Under these circumstances, we conclude that, on the record before us, members of the Denver Police Department did have “probable cause” to justify defendant's warrantless arrest. In our view, Garcia was not a “mere spectator,” but was an active participant in a “team effort” by the Denver Police Department.
Further, under the described circumstances, we see no need to remand for further hearing by the district court on defendant's motion to suppress. On the present record, we conclude that the Denver Police had probable cause to arrest defendant, and that the ensuing search of defendant's person, revealing the presence of cocaine, and his vehicle, revealing the firearm, were incident to that arrest.
In support of our holding, see, e.g., U.S. v. Merritt, 695 F.2d 1263 (10th Cir.1982). In Merritt, the judge, as in the instant case, granted the motion to suppress, and in that case, as in the present case, we reversed. In that case we held that at a suppression hearing to determine preliminarily the admissibility of evidence allegedly obtained in violation of a defendant's rights under the Fourth and Fifth Amendments, the judge has “latitude to receive evidence notwithstanding the hearsay rule.” Id. at 1269. In that same case, we also said that “probable cause can rest upon the collective knowledge of the police, rather than solely on that of the officer who actually makes the arrest.” Id. at 1268. We then went on to state, in Merritt, that the “excluded evidence, when considered with the other evidence that was heard by the district court on the reasonable suspicion issue, was sufficient to require the conclusion as a matter of law that the police had reasonable suspicion to make an investigatory stop,” 1 out of which the challenged evidence was obtained. Id. at 1270-71 (emphasis added). Here, there was no excluded testimony, and all hangs on Garcia's testimony, which, when considered in its totality, in our view, dictates a finding of probable cause to arrest the defendant, thereby legitimatizing the ensuing arrest and search.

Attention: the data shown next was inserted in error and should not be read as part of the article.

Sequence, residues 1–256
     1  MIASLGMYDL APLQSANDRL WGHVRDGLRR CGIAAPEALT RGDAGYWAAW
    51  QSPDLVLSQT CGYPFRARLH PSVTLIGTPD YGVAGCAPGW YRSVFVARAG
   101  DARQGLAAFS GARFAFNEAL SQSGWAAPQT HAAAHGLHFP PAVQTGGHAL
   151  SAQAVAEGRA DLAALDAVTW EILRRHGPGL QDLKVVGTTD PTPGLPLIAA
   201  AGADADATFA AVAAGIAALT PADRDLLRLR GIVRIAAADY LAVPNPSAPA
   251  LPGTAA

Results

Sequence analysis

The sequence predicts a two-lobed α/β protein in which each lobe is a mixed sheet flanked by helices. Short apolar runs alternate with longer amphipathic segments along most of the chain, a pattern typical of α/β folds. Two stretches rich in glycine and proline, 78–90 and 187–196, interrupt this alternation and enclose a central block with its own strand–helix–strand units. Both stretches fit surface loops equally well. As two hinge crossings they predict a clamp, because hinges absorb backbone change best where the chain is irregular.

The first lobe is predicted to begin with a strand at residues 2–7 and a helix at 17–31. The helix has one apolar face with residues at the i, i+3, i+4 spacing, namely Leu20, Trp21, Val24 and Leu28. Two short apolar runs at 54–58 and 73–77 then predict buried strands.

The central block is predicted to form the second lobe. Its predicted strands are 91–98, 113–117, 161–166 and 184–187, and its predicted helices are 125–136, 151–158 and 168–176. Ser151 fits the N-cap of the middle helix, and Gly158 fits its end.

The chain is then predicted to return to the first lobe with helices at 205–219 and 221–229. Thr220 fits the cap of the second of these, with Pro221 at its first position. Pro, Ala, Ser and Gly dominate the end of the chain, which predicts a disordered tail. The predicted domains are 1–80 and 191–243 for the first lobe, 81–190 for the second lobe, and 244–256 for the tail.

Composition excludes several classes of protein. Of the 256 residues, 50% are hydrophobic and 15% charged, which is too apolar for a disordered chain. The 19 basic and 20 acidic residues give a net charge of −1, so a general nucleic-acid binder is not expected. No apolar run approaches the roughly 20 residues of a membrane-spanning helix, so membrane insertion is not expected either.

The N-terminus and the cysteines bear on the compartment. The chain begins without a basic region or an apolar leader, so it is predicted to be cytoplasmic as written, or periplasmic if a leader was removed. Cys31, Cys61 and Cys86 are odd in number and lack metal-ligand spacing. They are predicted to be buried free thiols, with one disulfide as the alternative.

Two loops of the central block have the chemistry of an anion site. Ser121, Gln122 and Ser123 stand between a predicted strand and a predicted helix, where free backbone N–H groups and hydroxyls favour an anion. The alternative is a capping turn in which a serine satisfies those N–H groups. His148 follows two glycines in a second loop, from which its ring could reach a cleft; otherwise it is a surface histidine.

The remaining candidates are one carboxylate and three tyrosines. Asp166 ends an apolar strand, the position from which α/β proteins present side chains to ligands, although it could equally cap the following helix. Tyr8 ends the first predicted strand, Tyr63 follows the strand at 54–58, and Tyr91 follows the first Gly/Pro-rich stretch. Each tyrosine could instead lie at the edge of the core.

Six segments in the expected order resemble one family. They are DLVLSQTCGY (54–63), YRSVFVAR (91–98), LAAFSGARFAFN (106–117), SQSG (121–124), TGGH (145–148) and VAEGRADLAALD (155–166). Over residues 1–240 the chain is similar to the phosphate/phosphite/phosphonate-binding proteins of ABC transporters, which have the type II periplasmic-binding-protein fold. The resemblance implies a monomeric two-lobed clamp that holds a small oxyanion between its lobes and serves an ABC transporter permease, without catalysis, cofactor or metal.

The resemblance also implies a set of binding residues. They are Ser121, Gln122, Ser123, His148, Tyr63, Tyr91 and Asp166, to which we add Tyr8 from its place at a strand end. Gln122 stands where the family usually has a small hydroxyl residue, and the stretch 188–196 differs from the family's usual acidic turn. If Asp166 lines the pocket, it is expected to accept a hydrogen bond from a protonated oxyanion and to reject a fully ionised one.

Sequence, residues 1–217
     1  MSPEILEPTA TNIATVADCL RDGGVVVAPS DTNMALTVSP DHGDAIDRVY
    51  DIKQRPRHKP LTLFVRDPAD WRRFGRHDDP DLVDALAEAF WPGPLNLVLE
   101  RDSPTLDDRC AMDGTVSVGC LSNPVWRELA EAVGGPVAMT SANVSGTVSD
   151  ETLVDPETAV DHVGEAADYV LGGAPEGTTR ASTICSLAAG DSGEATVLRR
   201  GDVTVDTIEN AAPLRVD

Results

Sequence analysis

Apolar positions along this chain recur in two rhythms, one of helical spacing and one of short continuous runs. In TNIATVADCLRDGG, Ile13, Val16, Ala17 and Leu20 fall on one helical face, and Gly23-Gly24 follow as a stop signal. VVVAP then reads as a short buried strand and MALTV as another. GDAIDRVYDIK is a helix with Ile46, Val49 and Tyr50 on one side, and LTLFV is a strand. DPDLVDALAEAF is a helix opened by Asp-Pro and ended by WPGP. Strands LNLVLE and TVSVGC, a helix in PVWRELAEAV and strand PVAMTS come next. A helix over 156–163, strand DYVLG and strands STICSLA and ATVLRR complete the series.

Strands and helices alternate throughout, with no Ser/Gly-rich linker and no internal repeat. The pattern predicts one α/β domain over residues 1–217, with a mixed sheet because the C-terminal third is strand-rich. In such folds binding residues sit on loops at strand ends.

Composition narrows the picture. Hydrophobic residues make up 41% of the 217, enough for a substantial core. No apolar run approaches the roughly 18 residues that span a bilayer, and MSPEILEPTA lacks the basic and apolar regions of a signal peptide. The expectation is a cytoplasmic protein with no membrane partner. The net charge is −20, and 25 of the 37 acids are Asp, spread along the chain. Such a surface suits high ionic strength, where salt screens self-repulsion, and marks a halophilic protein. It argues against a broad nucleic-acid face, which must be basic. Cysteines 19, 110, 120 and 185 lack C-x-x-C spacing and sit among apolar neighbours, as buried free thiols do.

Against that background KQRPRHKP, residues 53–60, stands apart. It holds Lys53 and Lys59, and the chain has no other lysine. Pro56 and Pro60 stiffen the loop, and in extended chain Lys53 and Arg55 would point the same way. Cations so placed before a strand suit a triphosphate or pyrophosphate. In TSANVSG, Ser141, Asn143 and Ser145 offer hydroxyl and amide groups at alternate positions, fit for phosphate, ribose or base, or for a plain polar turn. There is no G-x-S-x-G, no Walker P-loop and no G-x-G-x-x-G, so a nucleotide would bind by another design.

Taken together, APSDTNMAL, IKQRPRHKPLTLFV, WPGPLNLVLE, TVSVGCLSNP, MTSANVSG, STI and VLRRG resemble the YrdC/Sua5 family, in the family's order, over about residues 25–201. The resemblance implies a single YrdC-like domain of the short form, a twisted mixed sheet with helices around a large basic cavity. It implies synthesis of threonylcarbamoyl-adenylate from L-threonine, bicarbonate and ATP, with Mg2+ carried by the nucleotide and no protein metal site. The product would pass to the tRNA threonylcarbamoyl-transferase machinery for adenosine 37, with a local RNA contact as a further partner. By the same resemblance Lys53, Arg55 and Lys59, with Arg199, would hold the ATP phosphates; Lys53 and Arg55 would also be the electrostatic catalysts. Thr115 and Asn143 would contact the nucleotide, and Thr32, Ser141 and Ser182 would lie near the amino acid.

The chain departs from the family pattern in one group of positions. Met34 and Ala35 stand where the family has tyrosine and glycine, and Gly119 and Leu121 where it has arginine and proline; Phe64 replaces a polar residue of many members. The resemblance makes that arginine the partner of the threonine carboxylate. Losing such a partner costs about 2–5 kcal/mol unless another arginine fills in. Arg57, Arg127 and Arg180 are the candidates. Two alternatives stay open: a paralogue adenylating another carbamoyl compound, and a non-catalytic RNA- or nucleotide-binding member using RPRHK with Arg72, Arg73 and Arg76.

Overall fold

Judgment reversed and cause remanded with directions that the district court vacate its order granting defendant's motion to suppress and enter an order denying defendant's motion to suppress. Further proceedings to be consonant with the views herein expressed.
1. In Merritt, the court held that the principle that “probable cause for an arrest may be based on the collective knowledge of the police ․ applies identically where the collective knowledge of the police forms the basis for a stop.” Id. at 1268, n. 9.
McWILLIAMS, Senior Circuit Judge.